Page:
Current Rash of In-Flight Incidents
By Captain Alan Price -Tripbase Air Safety Expert
The individual who banged on the door of the American flight descending into San Francisco sounds like a lone wolf and/or a mentally disturbed person. His cousin was quoted as saying he was not political or particularly religious. A perfect MO for someone who bids their time and then takes action to further some supposed agenda. One passenger said he was shouting “ala akbar” (God is great) when being subdued. With this man, God is not so great as he is seeking to harm his fellow man.Some thoughts on security when flying. On this flight, banging on the locked cockpit door is not going to accomplish anything. Since 911, cockpit doors have been armor plated and secured with sophisticated locks, so only the uninformed would try such a stunt. While alarming to the passengers, his chances of gaining entry to the cockpit were nil. I recently wrote that situational awareness is critically important. Be aware of people and circumstances around you, and when something seems inconsistent with the norm, either tell a crew member or take some action until help arrives. Thus, the reaction of the passengers was most appropriate, assisting the flight attendant in subduing the individual and insuring the cockpit is not breached. Whatever you need to do to prevent an unauthorized person from gaining entry to the cockpit, do it!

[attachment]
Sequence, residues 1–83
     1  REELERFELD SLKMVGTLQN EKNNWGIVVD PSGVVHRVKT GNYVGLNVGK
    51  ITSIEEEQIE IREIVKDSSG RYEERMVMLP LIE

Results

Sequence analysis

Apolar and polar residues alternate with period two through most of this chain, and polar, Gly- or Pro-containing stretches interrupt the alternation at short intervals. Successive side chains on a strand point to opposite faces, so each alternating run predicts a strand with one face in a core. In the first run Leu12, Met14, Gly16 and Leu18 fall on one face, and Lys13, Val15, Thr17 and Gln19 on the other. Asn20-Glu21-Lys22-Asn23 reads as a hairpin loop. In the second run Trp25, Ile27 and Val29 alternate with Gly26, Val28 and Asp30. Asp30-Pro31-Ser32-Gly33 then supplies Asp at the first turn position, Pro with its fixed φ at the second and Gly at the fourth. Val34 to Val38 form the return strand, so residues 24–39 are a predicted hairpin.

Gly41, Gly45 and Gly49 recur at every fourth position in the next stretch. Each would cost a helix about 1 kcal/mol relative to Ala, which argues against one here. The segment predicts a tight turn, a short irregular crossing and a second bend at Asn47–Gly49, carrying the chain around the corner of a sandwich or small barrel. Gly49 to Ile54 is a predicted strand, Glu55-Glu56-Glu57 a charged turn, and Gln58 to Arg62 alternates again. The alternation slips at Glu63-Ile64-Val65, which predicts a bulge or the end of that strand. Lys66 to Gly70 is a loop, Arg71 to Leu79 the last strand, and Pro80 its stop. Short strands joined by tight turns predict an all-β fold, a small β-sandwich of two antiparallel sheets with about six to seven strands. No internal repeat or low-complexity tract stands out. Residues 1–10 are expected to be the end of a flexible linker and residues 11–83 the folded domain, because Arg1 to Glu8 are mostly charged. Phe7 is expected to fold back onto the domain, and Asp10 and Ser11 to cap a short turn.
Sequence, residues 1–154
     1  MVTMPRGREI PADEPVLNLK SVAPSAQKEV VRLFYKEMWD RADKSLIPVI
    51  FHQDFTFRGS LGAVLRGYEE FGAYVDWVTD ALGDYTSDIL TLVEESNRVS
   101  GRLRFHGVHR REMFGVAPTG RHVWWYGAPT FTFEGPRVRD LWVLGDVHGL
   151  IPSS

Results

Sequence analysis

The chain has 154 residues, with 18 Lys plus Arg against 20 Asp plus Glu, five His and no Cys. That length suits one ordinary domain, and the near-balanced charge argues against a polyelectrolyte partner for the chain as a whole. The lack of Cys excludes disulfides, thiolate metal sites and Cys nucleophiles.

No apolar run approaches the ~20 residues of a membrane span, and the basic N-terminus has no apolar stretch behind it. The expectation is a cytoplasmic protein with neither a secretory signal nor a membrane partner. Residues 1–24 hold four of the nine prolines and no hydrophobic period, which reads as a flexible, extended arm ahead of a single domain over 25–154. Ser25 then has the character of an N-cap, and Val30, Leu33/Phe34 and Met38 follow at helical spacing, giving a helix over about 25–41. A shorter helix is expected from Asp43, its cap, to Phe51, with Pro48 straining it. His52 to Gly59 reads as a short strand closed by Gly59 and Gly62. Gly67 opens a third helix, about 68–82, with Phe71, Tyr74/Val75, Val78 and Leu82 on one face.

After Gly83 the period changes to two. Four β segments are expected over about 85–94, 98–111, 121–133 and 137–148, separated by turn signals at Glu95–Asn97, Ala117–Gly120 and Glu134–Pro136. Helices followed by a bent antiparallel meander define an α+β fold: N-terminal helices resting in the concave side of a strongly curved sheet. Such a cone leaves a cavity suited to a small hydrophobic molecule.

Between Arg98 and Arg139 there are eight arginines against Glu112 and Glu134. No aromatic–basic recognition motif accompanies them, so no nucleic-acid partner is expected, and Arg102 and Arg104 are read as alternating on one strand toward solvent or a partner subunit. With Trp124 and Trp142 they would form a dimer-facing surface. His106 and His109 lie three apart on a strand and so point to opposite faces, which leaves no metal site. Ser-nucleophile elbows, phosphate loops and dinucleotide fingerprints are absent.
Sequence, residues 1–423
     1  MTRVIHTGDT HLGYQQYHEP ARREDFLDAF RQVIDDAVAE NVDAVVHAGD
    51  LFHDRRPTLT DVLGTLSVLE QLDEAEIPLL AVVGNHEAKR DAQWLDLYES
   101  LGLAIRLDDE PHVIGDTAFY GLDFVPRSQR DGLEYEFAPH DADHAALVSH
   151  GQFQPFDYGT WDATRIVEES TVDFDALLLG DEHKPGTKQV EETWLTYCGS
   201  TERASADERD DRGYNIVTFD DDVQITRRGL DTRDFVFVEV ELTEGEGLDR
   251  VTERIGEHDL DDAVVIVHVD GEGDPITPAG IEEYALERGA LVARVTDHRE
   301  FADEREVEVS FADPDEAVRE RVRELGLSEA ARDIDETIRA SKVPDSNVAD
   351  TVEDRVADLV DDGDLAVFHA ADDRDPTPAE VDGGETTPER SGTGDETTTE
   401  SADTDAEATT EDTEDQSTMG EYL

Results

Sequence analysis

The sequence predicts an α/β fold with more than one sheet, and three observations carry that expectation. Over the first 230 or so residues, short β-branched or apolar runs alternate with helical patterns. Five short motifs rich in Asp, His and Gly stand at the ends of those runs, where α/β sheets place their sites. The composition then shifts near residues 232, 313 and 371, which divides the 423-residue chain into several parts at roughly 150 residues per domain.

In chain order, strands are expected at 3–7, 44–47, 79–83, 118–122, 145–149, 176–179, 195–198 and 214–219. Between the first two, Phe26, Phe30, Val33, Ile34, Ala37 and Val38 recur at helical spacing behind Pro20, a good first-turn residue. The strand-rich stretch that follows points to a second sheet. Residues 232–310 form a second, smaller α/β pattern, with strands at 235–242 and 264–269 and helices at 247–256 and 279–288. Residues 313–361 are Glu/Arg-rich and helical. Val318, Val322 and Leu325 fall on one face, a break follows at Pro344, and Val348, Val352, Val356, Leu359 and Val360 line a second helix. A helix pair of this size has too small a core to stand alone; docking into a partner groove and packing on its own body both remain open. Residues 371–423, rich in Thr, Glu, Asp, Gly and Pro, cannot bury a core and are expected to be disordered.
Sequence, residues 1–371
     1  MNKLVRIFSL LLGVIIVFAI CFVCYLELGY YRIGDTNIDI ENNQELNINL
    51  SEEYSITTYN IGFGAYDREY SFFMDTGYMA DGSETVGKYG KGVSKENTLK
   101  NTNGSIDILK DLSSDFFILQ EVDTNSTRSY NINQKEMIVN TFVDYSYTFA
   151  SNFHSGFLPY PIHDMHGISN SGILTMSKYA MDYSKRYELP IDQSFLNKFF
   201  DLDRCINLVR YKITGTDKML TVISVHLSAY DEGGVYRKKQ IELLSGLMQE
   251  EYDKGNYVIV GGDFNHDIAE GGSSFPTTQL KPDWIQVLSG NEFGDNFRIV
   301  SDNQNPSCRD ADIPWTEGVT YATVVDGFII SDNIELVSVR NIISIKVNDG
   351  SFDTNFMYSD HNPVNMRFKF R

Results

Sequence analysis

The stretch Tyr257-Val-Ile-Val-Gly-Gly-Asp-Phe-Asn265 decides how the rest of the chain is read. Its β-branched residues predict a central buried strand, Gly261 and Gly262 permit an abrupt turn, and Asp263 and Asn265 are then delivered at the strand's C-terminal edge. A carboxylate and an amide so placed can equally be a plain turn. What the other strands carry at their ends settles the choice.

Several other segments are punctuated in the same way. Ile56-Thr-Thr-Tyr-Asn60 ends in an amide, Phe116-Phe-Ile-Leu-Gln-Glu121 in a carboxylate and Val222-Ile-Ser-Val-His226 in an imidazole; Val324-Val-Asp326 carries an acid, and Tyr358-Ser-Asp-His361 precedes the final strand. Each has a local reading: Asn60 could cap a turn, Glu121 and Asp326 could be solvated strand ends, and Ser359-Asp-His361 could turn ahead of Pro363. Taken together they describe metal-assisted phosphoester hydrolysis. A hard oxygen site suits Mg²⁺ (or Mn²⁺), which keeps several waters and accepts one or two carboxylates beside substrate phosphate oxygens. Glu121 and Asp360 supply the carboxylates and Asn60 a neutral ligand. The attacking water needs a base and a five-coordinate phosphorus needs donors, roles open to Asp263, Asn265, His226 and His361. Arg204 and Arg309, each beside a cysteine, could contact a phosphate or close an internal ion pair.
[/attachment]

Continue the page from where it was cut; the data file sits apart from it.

The traveling public is more concerned and involved. This group of passengers did just the right thing. The plastic hand ties are now kept on the aircraft to subdue anyone who represents a threat to the flight and were used to good effect in this case. We cannot know what intent this person had, but suffice it to say, this was a fool’s mission and one quickly aborted by a quick thinking flight attendant and an alert group of passengers.